Monica Graham is one of our amazing Cancer Support Coordinators and is situated in the Wheatbelt region of Western Australia.
Our Cancer Support Coordinators are located both in metro and regional areas to help guide people through their cancer journey. They provide practical information, emotional support and can connect anyone affected by cancer to local services and support groups.
Read on to get to know more about Monica’s role as Cancer Support Coordinator.
Q&A with Monica Graham
Tell us a bit about your role as a Cancer Support Coordinator
I work a remote role based in the Wheatbelt. I work from my home office and communicate with clients via the telephone or if the internet is available, then online. This works in these regions, I think because people are so used to not having face-to-face services readily available and are so busy with appointments and treatment, that a phone call is their best use of time.
What areas of Western Australia do you support?
I support clients in the Wheatbelt, Pilbara and Kimberley.
What are some of the challenges faced by West Australians in the regions you support?
The challenges common to the regions is transport to centres offering treatment as well as accommodation in Perth. People in the Wheatbelt mostly have to drive to appointments and treatment, some doing 700 to 800km round trips with only minimal financial support.
Cost of living can be a lot higher in the regions with a lot of clients not having access to the bigger supermarket chains and paying higher amounts for fuel. People may end up in hotels in Perth if our lodges are full, with no ability to cook for themselves so the cost is a lot higher. Also the hotels in Perth are expensive and the rebate from the Patient Assisted Travel Scheme (PATS) only covers a portion of the costs.
Something that was interesting for me when I first started working with the Pilbara and Kimberley is that there are people in those regions who have never left their town or community and have never visited Perth. They then face the challenge of navigating an unfamiliar and sometimes overwhelming environment while dealing with the side effects of treatment. Post treatment care is also not readily available in the regions, with a lack of allied health and rehabilitation services and support.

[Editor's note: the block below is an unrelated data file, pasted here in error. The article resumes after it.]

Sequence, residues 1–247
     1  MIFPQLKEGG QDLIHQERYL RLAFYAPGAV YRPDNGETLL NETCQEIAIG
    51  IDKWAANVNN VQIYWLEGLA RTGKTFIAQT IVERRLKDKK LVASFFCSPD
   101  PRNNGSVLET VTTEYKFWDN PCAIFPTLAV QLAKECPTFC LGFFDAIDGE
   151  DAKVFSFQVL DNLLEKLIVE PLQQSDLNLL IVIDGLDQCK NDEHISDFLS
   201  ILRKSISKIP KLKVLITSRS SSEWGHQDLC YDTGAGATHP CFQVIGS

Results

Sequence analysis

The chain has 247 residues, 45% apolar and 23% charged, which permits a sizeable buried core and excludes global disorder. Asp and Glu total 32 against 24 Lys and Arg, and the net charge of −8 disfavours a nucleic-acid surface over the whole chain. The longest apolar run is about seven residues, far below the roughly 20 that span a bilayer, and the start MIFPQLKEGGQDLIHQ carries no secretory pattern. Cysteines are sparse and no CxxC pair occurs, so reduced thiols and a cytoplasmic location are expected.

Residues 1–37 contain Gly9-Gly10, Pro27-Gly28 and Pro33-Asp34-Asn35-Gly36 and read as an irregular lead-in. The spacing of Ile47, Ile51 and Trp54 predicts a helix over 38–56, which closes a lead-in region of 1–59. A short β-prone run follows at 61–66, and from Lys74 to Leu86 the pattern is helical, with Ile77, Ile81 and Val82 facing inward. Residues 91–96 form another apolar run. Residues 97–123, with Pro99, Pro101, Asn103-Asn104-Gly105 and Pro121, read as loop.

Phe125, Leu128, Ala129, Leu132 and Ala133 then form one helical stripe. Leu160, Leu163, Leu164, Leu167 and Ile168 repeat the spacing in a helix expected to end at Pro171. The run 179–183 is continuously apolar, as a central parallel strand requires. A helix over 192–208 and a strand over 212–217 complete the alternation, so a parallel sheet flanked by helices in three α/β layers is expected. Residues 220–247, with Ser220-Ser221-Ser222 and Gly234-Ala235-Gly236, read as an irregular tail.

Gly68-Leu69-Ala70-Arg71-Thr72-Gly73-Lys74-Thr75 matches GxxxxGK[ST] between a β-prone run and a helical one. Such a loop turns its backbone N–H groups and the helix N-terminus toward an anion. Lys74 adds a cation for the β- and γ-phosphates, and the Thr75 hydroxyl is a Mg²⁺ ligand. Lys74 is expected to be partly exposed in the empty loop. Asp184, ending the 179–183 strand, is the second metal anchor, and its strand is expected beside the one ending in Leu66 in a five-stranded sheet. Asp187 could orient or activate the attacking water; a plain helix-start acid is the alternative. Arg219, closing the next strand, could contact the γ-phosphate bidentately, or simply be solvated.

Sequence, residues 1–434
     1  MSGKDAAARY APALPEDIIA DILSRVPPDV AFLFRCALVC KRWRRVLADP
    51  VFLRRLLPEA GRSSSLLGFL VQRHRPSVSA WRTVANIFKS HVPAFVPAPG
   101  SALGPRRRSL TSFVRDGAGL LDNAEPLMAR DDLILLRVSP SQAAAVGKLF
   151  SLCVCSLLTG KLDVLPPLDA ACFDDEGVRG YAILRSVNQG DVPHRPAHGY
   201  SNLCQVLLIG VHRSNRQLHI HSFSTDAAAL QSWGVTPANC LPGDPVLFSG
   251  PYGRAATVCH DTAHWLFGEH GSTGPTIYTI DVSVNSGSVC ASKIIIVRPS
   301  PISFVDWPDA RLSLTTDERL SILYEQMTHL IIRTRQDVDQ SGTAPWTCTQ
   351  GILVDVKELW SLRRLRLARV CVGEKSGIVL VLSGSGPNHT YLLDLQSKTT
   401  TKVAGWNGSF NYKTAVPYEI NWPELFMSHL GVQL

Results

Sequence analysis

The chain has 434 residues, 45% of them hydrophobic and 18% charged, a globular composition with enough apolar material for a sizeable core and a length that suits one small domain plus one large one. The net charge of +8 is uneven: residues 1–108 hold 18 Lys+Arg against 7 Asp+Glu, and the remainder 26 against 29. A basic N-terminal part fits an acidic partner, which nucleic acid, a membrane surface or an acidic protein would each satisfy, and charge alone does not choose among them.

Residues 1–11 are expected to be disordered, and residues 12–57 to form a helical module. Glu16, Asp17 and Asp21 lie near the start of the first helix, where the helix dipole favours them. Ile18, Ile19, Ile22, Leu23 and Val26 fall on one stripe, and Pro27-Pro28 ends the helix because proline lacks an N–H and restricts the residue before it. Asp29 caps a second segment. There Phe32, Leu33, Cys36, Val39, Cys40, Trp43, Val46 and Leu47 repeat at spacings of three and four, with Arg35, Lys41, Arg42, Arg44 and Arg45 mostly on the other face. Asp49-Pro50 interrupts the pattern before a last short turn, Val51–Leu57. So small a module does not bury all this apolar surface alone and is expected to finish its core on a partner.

What difference do you see yourself and other Cancer Support Coordinators making?
Until you are diagnosed with cancer, you don’t have to know what support and services are available to you and once diagnosed clients often don’t know where to turn. The Cancer Support Coordinators are aware of the supports available in their regions as well as nationally and are able to steer clients towards the support they need. We work closely with the Cancer Services Teams in our regions to ensure that clients are getting both clinical and psycho-social support. The CSC’s also share knowledge of support services with each other in order to better support our clients.
What do you enjoy doing in your spare time?
We purchased our home (built in 1910) situated on 146 acres in the Wheatbelt two years ago, and we have spent the past two years cleaning and renovating around the yard with our next challenge being the house.
We run sheep on our property and one of my favourite things to do is to stand and watch their antics, especially the lambs, and be thankful for what we have. I also love to bake and have a home baking business, so I am kept pretty busy. What I most enjoy however is spending time with family and friends, especially my three beautiful grandchildren. I love to be able to cook for them and to spoil them as only a grandparent can do.
What would you say to Cancer Council WA’s generous donors?
Thank you so much for what you do!
People impacted by cancer face many challenges in the regional areas with distance to treatment centres and the added cost of accommodation during treatment. Because they are away from home they are often not able to maintain a job, adding to the stress of their situation.
The people I work with are extremely appreciative of the support we are able to give them both financial and psychosocial at a time when they feel their life is out of their control.
Thank you for giving them that support.
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